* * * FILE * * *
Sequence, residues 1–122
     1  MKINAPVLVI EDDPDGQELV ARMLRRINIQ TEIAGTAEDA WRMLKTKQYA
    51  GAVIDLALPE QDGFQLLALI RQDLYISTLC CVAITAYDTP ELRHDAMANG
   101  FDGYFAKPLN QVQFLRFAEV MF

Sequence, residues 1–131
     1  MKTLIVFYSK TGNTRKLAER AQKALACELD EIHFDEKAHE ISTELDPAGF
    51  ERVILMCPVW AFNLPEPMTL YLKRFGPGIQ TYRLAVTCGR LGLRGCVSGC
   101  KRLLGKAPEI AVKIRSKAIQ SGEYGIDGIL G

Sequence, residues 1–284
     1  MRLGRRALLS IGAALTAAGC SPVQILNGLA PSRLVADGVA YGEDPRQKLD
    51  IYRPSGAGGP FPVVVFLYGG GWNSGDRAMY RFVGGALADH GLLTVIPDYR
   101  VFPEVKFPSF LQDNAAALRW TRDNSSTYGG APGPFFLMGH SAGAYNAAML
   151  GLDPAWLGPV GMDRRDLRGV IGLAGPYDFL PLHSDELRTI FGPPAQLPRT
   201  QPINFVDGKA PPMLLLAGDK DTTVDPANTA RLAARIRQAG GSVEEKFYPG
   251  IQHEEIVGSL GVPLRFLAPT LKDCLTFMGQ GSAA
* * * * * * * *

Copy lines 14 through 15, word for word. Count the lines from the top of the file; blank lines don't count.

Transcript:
   201  QPINFVDGKA PPMLLLAGDK DTTVDPANTA RLAARIRQAG GSVEEKFYPG
   251  IQHEEIVGSL GVPLRFLAPT LKDCLTFMGQ GSAA